• Starting in the 80s and until his death, D kept a boat in Waretown, NJ on the outfall line of the Oyster Creek Power plant. This kept the water warm and enabled year-round weekend sails. This was one of his favorite spots until the end of his life. Here he enjoyed sailing and cruising Barnegat Bay, his original sailing home.

    I can’t talk about D without mentioning ham radio, which was a part of his life from beginning to end.
    • Dit-dah-dit was a constant in our lives. Every house and boat was equipped to transmit and receive on amateur radio bands. His last morse code transmission occurred only a few weeks before his death. Many of us obtained our novice licenses at about age 12.
    • In his early days, he received weather reports via morse code and had to draw a weather map from those data points.
    • In the late 50s and early 60s, D would listen to the weather report via ham radio in morse code. We would have better forecasts than anyone else sailing in the BBYRA.

    We were always learning through doing.
    • My first radio, at age 10, was a Heathkit crystal set that I built myself, soldering iron and all.
    • When the family wanted a color TV, D bought another Heathkit that we all put together. Of course, EEs at the lab had to debug it to get it to work . . . but the point was that we built it ourselves.

    D’s positive influence on each of us (family and beyond) was broad and profound. He was truly an oracle of knowledge on any subject, and he guided and educated us through childhood to adulthood in an atmosphere where any and all people and ideas were welcome. He gave us the tools and freedom to choose what we wanted to become, on the water and in life. I’m proud to be his daughter.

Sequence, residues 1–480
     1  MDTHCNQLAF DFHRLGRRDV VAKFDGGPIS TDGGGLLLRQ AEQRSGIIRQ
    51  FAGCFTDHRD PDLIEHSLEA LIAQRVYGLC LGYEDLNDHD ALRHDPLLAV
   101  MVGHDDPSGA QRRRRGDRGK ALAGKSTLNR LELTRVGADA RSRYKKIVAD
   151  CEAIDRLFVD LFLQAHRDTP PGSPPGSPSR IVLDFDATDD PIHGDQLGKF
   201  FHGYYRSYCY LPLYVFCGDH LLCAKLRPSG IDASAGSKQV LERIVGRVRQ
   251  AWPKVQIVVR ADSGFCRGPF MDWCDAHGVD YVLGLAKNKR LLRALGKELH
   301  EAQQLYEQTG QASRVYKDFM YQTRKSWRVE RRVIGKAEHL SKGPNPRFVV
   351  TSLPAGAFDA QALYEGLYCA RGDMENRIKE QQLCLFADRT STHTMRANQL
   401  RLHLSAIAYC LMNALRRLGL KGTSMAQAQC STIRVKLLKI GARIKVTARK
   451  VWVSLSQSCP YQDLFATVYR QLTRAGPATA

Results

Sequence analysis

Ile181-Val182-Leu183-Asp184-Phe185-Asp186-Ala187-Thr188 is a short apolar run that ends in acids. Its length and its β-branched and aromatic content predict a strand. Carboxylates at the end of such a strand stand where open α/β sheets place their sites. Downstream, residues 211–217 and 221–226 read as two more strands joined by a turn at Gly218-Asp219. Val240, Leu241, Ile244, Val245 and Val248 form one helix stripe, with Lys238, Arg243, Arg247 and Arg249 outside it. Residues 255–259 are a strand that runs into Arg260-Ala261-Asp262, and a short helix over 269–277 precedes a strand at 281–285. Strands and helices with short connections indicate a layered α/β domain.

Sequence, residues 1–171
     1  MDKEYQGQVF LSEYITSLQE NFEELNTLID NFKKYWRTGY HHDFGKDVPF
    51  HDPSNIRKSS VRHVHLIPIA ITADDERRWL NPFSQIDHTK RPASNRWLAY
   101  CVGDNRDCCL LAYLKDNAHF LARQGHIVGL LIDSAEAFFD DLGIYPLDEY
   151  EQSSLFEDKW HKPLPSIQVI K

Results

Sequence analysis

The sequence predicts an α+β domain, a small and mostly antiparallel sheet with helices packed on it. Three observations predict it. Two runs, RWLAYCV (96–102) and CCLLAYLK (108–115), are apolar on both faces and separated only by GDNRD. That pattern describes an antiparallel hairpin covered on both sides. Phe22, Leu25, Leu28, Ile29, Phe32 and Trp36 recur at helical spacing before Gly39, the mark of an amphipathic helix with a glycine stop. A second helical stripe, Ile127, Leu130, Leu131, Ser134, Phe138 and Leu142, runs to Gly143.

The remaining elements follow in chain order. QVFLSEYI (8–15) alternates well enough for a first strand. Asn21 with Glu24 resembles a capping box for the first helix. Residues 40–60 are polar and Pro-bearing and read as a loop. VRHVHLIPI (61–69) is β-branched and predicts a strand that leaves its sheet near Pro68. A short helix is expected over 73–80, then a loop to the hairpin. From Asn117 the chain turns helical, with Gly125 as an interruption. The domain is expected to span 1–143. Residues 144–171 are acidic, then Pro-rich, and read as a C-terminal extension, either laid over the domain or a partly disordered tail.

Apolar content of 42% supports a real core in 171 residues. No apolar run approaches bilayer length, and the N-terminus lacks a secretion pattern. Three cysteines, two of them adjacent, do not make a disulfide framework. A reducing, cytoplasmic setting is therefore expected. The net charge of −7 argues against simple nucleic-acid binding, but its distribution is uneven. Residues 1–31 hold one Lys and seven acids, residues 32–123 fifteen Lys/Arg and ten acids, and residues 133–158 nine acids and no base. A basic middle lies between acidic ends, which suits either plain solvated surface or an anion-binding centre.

• Maggie Chance Schmitt

    Remembrances:

    When thinking back about my father, I see a complicated, intelligent, serious, intense and somewhat challenging man. Passionate about science, sailing, ham radio, and then somewhere us children figured in. What a background we got: all the sailing and traveling, the lab, the farm, Mantoloking, England, Sweden, and dear old Pine street. A lot of good memories. Being in it was messy and awful at times though other times a thrill. You never really knew what to expect with De. We were taught to jump when he asked us to. He was gone a lot, but we always found time for sailing or working on boats. Ben remembers D saying, “these boats receive a lot of TLC from me and are probably as close to me as any of my children”. I love this quote because I know he loved his kids, but damn did he love his boats.

    Some of the memories I have: Singing around the piano truly was fun. We all did it. Songs of Cole Porter, Rogers & Hammerstein, Gershwin, etc. He was a really good piano player. Lillie remembers him bringing home an accordion on one of my birthdays. He bought it when we were on sabbatical with him in Cambridge, England 1960?

    He would always bring home various collaborators, for dinner, and often they would stay overnight kicking one of us out of our room. Sometimes they were people I enjoyed, like Det Bronk who always brought his pet owl Aristotle. Fascinating to us kids. He’s the man that gave Lillie the electric eel.

    De and Ma would leave us at Mantoloking for the summer with another family to tend us during the week, coming down Friday nights, leaving Monday morning. The Van Rossums, the Lewis’s, and our dear friends the Dutton’s to name a few. We had such good times there, friends, sailing, & swimming in the Atlantic. We often went to Manto in the fall, winter and spring. There was one time a hurricane was coming thru. De was asked to stay because he could operate a ham radio. Winds gusted to 115 mph, the whole third floor was shaking. It was scary and exhilarating.

    Once we were sailing in Sweden with Ma, Lillie, a cousin, and I. All of us were sound asleep in the cabin. De snuck out, hoisted anchor and sail then fell asleep at the helm early in the morning. It was in the land of the midnight sun. A cargo ship passed within a quarter mile, sending Jumping Jack flash to shore and aground. All these Swedes came running out to help, NAKED! I went ashore to help pull down the mast, terrified all the time I might be left there accidentally. We got the boat off the rocks, I swam out and off we went.